Pretty soon, Lurleen and Clem were getting along famously. They started dating outside of work, and almost before he knew it, he found himself proposing, and Lurleen said yes without hesitation.

A few months later, they were married in the most lavish ceremony the town had ever seen. Practically the whole town and all their co-workers (the two groups were almost completely overlapping) was there. Durrell was there, too, and he smiled proudly at his protege.

They took their annual two week vacation, and spent most of it living large in Branson, Missouri. They then settled into a comfortable existence of work and connubial bliss.

Their happy arrangement was shattered a couple of years later when the factory announced that it was instituting some modernization measures. Seems the time-honored tradition of employing humans to build cars was now passe. In an effort to stay competitive, the company explained, they were going to be more automated. Now robots were going to do a lot of the repetitive tasks that people had been paid to do.

Of course, there was a big uproar. Strikes were threatened. Some workers walked off the job rather than face being replaced by machines. But you can't stop progress, and one day Clem and Lurleen showed up for work as they had done for years to find a weird machine standing in Lurleen's usual spot. It didn't look like any kind of robot that either of them had seen in movies. Instead it looked more like a giant arm bolted to the floor, with some weird attachments for fingers.

Their supervisor came along and explained that this new “robot” was going to do both their jobs – screw in the light bulbs and snap in the cover. Clem and Lurleen demanded to know what was going to become of them. The supe said that, regrettably, Lurleen was being laid off, but they needed Clem, being the more senior employee, to stay and learn how to maintain the robot.

They pleaded. They begged. They even yelled. But in the end, nothing could be done for it. Clem and Lurleen embraced. He promised everything would be okay. Lurleen took off her bandanna and handed it tearfully to Clem, then she went off to collect her severance check.

A technician came to teach Clem his new job. It didn't take long. Mostly he was responsible for keeping his new “partner” supplied with bulbs and covers. The machine was pretty self-contained and didn't need much from Clem, other than materials. Any maintenance and repair issues would be handled by the technicians from the Automaton Robot Company, who were very well-paid to do what they did. Better than Clem, certainly.

So, Clem tried to adjust as well as he could to his new routine. It was boring and lonesome, not having Lurleen to talk to. There wasn't anyone to talk to, for that matter. His workstation was too far from the next one, and the noise of the line prevented conversation over more than a few feet, what with having to wear earplugs. The conversations in the break room didn't offer much distraction, either. Rather than dwell on the disruptions caused in their lives by the changes, most folks preferred to stay quiet.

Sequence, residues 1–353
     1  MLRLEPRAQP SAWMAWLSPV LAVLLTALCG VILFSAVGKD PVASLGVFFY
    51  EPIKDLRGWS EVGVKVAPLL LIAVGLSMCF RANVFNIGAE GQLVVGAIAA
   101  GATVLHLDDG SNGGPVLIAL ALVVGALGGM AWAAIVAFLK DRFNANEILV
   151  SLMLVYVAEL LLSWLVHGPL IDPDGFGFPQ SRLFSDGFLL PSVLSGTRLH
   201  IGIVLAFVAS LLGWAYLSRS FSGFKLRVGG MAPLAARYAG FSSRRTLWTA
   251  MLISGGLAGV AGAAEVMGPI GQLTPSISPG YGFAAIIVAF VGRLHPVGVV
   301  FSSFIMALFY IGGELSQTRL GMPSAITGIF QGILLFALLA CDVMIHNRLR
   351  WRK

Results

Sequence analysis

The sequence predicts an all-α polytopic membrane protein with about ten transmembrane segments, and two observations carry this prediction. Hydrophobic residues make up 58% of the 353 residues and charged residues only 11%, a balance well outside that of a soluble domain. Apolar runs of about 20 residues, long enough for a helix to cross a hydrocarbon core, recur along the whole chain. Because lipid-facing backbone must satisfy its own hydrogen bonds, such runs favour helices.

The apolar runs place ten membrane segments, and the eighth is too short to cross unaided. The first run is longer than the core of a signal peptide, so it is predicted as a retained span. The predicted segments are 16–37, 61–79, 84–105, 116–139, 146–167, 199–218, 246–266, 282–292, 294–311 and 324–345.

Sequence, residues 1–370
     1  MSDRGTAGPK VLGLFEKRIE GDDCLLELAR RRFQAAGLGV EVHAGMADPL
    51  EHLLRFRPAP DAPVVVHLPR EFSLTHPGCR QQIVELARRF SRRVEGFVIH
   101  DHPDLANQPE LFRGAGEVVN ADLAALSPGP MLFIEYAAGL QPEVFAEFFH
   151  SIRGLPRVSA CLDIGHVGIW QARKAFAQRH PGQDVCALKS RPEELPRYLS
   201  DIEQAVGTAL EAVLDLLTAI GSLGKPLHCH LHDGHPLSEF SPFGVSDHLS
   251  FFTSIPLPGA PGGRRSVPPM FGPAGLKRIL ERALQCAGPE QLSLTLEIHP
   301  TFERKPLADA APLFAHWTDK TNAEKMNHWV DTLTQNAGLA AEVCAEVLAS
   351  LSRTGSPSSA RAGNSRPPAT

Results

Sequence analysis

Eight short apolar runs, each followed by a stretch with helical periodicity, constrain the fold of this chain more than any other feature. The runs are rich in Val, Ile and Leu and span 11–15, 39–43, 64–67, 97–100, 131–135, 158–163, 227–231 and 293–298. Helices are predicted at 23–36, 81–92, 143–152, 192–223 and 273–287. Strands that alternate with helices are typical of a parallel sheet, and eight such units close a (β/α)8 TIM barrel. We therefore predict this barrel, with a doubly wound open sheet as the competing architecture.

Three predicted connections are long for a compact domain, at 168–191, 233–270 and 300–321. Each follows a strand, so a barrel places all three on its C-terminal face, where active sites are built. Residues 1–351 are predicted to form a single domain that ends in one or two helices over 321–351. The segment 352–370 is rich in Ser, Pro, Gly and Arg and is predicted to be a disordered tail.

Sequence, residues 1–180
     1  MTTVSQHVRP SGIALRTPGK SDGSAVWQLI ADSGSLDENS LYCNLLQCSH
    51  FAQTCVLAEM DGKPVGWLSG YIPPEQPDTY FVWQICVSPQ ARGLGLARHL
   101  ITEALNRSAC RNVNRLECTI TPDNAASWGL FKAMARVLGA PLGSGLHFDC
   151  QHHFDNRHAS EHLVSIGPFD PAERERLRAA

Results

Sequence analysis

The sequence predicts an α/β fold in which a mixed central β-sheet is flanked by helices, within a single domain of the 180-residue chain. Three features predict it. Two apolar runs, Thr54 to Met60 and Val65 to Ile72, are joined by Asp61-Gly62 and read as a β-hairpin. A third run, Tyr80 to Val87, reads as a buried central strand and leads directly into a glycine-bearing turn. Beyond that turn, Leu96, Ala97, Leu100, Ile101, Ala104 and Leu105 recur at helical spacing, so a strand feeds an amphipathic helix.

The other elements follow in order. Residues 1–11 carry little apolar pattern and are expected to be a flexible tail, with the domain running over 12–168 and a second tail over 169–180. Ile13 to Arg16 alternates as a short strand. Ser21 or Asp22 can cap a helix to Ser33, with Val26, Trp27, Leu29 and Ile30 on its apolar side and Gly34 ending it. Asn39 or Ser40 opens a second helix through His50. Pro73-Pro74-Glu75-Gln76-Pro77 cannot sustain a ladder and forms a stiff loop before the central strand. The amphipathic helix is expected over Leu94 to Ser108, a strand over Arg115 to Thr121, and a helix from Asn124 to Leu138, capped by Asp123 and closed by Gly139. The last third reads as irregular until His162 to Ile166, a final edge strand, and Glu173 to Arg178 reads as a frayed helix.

That night at home wasn't a lot of fun, either. Clem tried to assure Lurleen that she would find other work, but they both knew that was a pipe dream. Thunderbolt was the biggest employer in town, and all the other local businesses that served its employees were already turning away other laid-off workers. Lurleen cried and cried, and Clem couldn't seem to comfort her.

The next day, Lurleen stayed in bed while Clem got up and got ready for work. When he arrived, he was shocked to see that his new robotic co-worker was wearing a blonde wig and Lurleen's old hard hat on what might be considered its head, just behind the weird hand-like attachment. Someone had drawn lips in red lip stick on the machine just below the wig. His co-workers had thought that this attempt at humor might cheer him up. They were wrong. At first Clem was tempted to rip the items down, but he decided against it. He didn't want to hurt anyone's feeling. They meant well, he supposed.

After a moment of watching the robot going through its motions, Clem realized that from a certain angle, and if you kind of squinted, it did sort of look like a human, bending over at the waist as it leaned inside the passing car bodies to do its menial job.

Oh well, Clem thought, at least the hat and wig kind of made it seem a little more life-like. Then he had an idea. He pulled Lurleen's bandanna out of the pocket of his coveralls. He removed the hardhat from the wig, tied the bandanna around it and replaced the hat. That was a little better.

Later that day, a tech from the robot company came by to check on the machines. When he saw the unauthorized items on Clem's robot, he started to open his mouth to protest, but one look from Clem was enough to make him shut it again. He walked away, shaking his head.

As time went by, Clem got used to the tedium of his new position. In fact, it was a relief from his situation at home. Lurleen's severance pay had run out, and now she was collecting unemployment benefits from the state. It was a blow to her pride, and it wasn't great pay. Money was tighter on their reduced income. They had to let go of a few luxuries – like cable TV – that they had enjoyed previously.

Lurleen was moody. Their formerly healthy love life was suffering. More and more often, Lurleen just wasn't in the mood. Clem found himself stopping off at the local water hole on his way home for a few beers, more than he had done when he was single. Lurleen was angry at this extra expense, but Clem felt it was a necessary antidote for the privations he was suffering. They fought often now.